In this blog, I'm going to describe the steps you can take to have an IBM Data Science Experience with TensorFlow. You can use these steps to create a Jupyter Python notebook that
- reads training data from a BigSQL table into a Pandas dataframe
- uses TensorFlow to train a simple machine learning model with the data
- saves the machine learned model to a local dataset within IBM Data Science Experience
- restores the machine learned model from the local dataset
- performs inferences with the restored machine learned model
As a preliminary, I downloaded the California housing data from the same source as the scikit learn fetch_california_housing() method. This gave me a CSV file with a sample dataset that maps house prices to several predictor variables such as house age, number of bedrooms, and municipal population. That scikit learn method does a lot of work to download the data and parse it into a numpy array needed as input to TensorFlow, but I'd like to take it a little less easy and instead describe the process as if we were getting the data from an Enterprise Data Lake or similar data source.
Once I had the raw CSV file (no post-processing by fetch_california_housing()), I used the internal IBM Enterprise Data Lake lake web browser interface to upload it to HDFS. Then, I used my Eclipse database development tool to create a hadoop table called HOUSINGDATA in a shared BigSQL database within the internal IBM Enterprise Data Lake. Then, I loaded the table with the CSV file content. The SQL code I ran looks like this:
CREATE HADOOP TABLE IF NOT EXISTS BOYERJ_CA_IBM_COM.HOUSINGDATA ( longitude DOUBLE, latitude DOUBLE, housingMedianAge DOUBLE, totalRooms DOUBLE, totalBedrooms DOUBLE, population DOUBLE, households DOUBLE, medianIncome DOUBLE, medianHouseValue DOUBLE) stored as parquet location '/opt/sandboxes/boyerj_ca_ibm_com/housingdata'; LOAD HADOOP USING FILE URL '/opt/sandboxes/boyerj_ca_ibm_com/csvBackup/cal_housing_data.csv' WITH SOURCE PROPERTIES('field.delimiter' = ',' ) INTO TABLE BOYERJ_CA_IBM_COM.HOUSINGDATA OVERWRITE;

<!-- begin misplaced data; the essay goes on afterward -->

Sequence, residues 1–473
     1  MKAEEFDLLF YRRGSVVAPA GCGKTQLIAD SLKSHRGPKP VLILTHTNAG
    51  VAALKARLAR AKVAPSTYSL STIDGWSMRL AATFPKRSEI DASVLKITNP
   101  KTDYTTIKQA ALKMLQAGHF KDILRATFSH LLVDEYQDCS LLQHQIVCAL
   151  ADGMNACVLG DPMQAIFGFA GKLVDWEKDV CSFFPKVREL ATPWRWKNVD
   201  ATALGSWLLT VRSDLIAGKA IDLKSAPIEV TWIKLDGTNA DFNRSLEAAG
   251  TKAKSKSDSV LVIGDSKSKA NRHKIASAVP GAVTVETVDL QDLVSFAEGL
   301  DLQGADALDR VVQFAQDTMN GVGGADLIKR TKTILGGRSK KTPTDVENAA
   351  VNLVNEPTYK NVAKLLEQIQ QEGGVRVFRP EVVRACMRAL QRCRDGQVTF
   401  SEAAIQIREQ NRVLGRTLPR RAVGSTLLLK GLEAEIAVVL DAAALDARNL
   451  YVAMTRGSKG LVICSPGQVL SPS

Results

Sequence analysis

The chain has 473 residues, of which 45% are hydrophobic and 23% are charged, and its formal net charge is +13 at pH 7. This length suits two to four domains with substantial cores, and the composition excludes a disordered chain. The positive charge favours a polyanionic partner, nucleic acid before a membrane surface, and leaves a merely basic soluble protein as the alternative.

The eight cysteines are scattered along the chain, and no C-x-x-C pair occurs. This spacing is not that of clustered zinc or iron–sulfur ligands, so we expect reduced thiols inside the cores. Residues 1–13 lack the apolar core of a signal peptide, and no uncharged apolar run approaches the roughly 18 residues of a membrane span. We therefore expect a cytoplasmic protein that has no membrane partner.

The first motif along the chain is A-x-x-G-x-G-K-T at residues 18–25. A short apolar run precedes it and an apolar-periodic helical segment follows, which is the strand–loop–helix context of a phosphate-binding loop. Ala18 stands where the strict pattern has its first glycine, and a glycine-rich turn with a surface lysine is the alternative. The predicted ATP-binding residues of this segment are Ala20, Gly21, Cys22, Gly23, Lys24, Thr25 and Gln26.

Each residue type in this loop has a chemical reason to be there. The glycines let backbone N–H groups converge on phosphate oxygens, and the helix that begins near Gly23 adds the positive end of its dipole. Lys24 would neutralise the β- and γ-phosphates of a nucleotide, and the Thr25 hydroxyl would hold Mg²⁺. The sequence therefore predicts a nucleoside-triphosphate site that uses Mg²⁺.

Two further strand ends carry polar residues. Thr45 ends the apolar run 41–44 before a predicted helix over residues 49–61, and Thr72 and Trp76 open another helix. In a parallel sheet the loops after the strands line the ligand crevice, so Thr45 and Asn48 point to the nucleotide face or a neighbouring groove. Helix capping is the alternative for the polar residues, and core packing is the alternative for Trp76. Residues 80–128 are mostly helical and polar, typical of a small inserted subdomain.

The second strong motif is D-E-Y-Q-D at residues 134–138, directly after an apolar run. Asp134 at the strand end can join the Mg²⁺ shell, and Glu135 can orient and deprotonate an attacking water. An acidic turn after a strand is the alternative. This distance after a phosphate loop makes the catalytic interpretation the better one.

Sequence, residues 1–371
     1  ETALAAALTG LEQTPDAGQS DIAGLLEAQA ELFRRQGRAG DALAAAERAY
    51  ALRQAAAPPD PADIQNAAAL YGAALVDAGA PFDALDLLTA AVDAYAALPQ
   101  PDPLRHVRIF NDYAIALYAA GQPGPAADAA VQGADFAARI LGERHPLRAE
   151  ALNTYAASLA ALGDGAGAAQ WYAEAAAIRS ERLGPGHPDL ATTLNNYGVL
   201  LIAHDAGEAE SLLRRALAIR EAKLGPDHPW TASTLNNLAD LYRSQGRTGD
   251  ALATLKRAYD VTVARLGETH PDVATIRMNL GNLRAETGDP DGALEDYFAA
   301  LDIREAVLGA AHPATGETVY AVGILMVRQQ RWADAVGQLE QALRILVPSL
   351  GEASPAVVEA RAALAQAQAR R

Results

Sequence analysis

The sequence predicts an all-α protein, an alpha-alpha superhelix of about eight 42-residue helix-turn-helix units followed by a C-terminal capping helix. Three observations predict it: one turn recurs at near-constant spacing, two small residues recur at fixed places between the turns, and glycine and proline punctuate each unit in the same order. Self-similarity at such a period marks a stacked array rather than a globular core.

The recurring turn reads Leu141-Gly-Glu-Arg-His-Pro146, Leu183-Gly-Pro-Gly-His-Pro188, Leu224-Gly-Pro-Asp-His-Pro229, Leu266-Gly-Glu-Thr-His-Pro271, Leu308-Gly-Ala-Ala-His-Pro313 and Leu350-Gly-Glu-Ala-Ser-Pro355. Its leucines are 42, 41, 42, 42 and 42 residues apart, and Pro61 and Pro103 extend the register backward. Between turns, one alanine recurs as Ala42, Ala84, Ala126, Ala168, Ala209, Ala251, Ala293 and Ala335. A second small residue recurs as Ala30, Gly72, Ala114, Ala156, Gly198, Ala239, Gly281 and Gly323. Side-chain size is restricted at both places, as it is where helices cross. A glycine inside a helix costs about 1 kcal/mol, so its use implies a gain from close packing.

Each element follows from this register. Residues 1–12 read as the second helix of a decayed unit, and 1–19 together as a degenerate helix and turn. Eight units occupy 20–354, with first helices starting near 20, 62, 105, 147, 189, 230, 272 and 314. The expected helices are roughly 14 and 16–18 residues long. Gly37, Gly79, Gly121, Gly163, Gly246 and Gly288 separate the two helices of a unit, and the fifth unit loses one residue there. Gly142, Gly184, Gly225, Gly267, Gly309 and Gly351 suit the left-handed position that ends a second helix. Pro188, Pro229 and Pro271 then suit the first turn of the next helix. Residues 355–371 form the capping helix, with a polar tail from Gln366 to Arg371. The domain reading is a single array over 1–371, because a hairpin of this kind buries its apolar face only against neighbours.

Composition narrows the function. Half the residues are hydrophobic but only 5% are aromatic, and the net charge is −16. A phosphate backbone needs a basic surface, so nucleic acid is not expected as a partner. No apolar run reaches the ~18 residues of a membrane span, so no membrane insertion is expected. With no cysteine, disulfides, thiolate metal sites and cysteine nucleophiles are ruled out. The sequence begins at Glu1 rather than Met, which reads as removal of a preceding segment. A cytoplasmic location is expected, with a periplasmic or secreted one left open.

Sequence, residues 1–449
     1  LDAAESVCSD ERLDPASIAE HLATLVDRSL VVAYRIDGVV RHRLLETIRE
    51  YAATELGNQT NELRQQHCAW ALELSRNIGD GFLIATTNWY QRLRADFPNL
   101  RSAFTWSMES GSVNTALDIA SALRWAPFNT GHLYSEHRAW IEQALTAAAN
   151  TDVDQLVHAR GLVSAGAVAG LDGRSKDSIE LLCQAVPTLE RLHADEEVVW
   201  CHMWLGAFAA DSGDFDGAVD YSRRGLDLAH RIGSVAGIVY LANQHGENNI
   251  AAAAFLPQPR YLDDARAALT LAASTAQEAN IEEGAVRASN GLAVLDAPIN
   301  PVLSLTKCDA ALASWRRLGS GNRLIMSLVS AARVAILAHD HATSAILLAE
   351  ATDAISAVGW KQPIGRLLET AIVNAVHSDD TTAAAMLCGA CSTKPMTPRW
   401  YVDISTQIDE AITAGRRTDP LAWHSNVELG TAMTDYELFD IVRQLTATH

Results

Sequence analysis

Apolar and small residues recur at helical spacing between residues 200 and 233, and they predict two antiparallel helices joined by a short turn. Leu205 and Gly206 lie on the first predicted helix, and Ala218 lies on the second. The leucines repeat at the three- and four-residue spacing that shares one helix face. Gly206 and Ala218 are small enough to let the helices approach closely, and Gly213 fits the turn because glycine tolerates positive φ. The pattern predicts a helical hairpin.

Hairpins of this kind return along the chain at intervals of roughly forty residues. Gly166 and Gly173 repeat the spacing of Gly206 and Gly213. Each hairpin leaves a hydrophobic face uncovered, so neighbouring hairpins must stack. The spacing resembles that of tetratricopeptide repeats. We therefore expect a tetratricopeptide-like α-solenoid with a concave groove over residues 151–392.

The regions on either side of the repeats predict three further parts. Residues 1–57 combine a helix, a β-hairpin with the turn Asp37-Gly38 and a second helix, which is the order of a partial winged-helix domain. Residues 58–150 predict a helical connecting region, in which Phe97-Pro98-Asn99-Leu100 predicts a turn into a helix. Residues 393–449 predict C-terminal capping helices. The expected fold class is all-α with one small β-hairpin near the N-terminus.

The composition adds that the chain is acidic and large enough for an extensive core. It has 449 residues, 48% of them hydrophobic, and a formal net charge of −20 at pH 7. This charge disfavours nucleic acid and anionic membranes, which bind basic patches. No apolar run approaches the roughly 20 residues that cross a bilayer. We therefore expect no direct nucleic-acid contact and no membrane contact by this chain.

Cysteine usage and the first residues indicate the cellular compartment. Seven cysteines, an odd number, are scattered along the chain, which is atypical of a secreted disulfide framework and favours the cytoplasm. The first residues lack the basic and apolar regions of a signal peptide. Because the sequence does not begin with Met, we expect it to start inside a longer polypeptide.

Alongside the IBM Enterprise Data Lake, we have a deployment of IBM Data Science Experience Local, but you can replicate these experiences using the public cloud IBM Data Science Experience.
You can get started by pressing "Create Project" to create a workspace that you can work in and, if you like, share with others. The projects are backed by GIT, so you have a lightweight collaboration method in which you are able to commit and accept changes with others. You can also "Export" the project as a zip file containing all assets. Once you click on a project to get into it, you can create various kinds of assets, including data sources, data sets, Jupyter and Zeppelin notebooks in Python, Scala and R, etc.
The first thing I did was go to the project's "Data Sources" list so I could create a connection to the BigSQL database containing my HOUSINGDATA table. This is where I set just the "JDBC URL" and my user credentials. The JDBC URL looks something like this "jdbc:db2://SharedServer.ibm.com:52000/BIGSQL:sslConnection=true". My JDBC URL also contains a parameter that tells the path to an additional trust store containing more certificate authority certificates, but this is because I needed to point to a shared internal database. And my user credentials authenticate me with that database. I named the data source "MY SHARED DATABASE" and then hit "Create".
The next thing I did was go to the project's "Assets" list, and scrolled down to the "Data Sets" list so I could "add data set". I switched to "Remote Data Set". I gave the name "HOUSING DATA from MY SHARED DATABASE" to the dataset. Then, for the remote settings, I chose the "MY SHARED DATABASE" data source and set the table name to "HOUSINGDATA". In my case, my tables are stored in a schema associated with my user ID, to keep them separate from other users of the same shared database, so I also entered that schema name, then hit "Save" to create the data set.
Now that the data source and data set have been created in the project, we can use them in Python. Again in the project's "Assets" list, I hit "add notebook". I gave the notebook a name of "TensorFlow Sample" and chose Jupyter Python for the tool and language, then hit "Create".